Apple Hit with iBooks Trademark Lawsuit

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iBooks trademark lawsuitApple was hit with a new lawsuit on Wednesday alleging the company’s use of the ‘iBooks” name infringes on a trademark owned by the New York-based publisher John T. Colby.

The lawsuit, according to Bloomberg, alleges that Apple’s use of the term “iBooks” crosses the line because John T. Colby already uses the name for a line of books that have been published since 1999.

“Apple’s use of the mark ‘iBooks’ to denote the electronic library that can be accessed via its iPad tablet computer and its iPhone is likely to overwhelm the good will of plaintiffs’ ‘ibooks’ and ‘ipicturebooks’ marks and render them virtually worthless,” the publisher’s lawsuit stated.

John T. Colby acquired the “ibooks” name when it purchased Byron Preiss, another New York-based publisher, in 2006 and 2007.

Apple uses the “iBooks” name for its ebook reader app for the iPhone, iPad and iPod touch. Customers can purchase ebooks for the reader app through the company’s iBookstore service.

The lawsuit was filed in U.S. District Court in Manhattan. Apple has not commented on the case.

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Lee Dronick

I just did a trademark search. There were four entries, two were “dead” and two were “live” both of which are registered to Apple Inc.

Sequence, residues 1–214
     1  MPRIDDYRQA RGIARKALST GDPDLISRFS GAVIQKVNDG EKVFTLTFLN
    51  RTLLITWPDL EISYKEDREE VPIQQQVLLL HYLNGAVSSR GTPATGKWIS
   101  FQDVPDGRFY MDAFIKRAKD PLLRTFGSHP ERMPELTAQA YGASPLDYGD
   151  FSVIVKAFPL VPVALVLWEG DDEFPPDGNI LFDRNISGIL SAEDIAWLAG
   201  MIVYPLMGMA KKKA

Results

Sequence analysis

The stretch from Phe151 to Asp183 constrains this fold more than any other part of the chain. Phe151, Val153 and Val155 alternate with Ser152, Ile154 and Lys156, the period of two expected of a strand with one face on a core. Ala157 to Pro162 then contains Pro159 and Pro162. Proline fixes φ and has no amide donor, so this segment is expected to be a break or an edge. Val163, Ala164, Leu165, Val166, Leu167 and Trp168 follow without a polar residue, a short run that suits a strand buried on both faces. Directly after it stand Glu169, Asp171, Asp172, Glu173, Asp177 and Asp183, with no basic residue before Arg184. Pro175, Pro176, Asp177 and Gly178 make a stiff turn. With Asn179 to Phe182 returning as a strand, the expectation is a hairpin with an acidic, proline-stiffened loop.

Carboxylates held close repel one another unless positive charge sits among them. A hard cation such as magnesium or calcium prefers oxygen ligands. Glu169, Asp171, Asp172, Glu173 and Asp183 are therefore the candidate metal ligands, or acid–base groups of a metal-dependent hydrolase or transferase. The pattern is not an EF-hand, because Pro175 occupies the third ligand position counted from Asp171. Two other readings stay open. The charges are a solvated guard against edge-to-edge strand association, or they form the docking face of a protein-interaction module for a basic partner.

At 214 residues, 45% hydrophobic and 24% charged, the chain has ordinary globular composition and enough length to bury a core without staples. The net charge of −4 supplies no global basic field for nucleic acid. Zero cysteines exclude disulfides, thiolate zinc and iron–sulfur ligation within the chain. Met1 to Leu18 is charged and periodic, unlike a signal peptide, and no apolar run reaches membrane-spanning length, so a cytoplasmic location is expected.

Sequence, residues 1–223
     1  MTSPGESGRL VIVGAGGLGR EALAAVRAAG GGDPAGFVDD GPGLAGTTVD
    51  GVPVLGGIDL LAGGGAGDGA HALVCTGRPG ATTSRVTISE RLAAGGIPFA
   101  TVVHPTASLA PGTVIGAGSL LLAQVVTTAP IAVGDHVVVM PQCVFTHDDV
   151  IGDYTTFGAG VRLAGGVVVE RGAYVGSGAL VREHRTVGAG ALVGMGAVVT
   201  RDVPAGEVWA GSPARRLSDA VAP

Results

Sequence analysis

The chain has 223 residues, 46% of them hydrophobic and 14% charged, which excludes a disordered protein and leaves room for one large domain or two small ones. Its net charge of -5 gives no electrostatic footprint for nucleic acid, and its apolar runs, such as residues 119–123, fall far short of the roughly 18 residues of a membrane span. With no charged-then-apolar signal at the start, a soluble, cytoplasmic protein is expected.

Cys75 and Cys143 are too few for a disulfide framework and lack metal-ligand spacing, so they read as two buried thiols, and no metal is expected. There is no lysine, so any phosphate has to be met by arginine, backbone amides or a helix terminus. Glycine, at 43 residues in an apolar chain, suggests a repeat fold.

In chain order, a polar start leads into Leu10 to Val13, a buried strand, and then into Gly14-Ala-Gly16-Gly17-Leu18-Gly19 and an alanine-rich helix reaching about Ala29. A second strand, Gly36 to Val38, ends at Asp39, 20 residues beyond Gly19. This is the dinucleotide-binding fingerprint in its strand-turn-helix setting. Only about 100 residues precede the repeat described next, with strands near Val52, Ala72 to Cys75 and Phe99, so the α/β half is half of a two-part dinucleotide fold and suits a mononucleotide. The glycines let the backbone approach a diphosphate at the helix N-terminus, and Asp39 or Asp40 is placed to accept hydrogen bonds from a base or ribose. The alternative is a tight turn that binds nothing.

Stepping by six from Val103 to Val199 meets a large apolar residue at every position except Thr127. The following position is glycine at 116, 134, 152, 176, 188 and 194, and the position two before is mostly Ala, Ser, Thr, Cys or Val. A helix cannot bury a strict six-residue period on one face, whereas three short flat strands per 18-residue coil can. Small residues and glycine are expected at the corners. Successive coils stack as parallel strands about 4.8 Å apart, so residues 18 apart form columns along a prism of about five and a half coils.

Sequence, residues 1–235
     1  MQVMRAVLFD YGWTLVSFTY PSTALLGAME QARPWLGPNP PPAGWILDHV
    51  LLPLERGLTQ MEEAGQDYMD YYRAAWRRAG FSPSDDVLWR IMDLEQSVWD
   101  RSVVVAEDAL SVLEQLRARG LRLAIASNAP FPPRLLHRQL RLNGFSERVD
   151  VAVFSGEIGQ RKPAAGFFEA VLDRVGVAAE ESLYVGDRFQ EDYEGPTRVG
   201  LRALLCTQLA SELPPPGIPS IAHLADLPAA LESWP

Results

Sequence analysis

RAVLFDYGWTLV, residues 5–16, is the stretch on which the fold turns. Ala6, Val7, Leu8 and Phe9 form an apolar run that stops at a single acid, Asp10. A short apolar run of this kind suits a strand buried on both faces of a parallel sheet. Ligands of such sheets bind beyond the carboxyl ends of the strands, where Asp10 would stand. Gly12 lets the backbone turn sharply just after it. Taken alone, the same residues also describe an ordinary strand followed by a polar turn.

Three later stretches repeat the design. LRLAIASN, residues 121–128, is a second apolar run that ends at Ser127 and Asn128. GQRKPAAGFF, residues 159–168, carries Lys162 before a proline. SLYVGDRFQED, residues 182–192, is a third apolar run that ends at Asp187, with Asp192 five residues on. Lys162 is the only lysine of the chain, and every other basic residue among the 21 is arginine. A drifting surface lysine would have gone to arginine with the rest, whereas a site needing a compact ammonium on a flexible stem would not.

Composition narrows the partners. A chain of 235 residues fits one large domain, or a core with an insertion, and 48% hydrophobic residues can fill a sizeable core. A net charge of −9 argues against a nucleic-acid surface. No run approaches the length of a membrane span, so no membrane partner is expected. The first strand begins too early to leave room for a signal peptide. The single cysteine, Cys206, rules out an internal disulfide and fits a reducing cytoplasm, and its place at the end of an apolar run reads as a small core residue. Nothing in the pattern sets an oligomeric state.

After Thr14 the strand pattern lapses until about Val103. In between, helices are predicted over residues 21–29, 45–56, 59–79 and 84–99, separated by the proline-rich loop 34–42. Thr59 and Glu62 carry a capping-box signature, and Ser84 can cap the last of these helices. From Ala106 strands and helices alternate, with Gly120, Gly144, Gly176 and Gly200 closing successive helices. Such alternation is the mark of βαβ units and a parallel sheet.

Is this considered different enough from “iBook”, Apple’s notebook line? Or is that one of those four trademarks?

Lee Dronick

Is this considered different enough from ?iBook?, Apple?s notebook line? Or is that one of those four trademarks?

No, iBook was listed separately. There were eight entries when I searched:

4 iBooks (2 live registered to Apple, 2 dead)
2 iBook (1 live registered to Apple, 1 dead)
1 the ibook (dead)
1 ibookmarks (dead)


So how do they think they can sue? This makes no sense to me.  What are those lawyers thinking?  Or are they claiming that since they used it in some product that the _ought_ to have a trademark on it?


I believe it is based on first use. Whoever uses it first has the rights even if they didn’t trademark it.  If this company has been using it for a long time, I think they can sue to invalidate Apple’s trademark.  Also, it is based on the category so the iBook computer would fall under a different category.

Then again, I am not an attorney.

Lee Dronick

See this story “n 2001, we tried to sell these to the consumer market. For various reasons, this didn’t work. Starting last fall, we began to develop a service to allow schools and libraries to subscribe to any or all of the books in our “collection.” This is already being test-marketed and I am pleased to see that this may succeed. I’ve thought all along that this was a more natural market for ebooks.”

When I clicked on a link to it took me a Hong Kong domain parking lot

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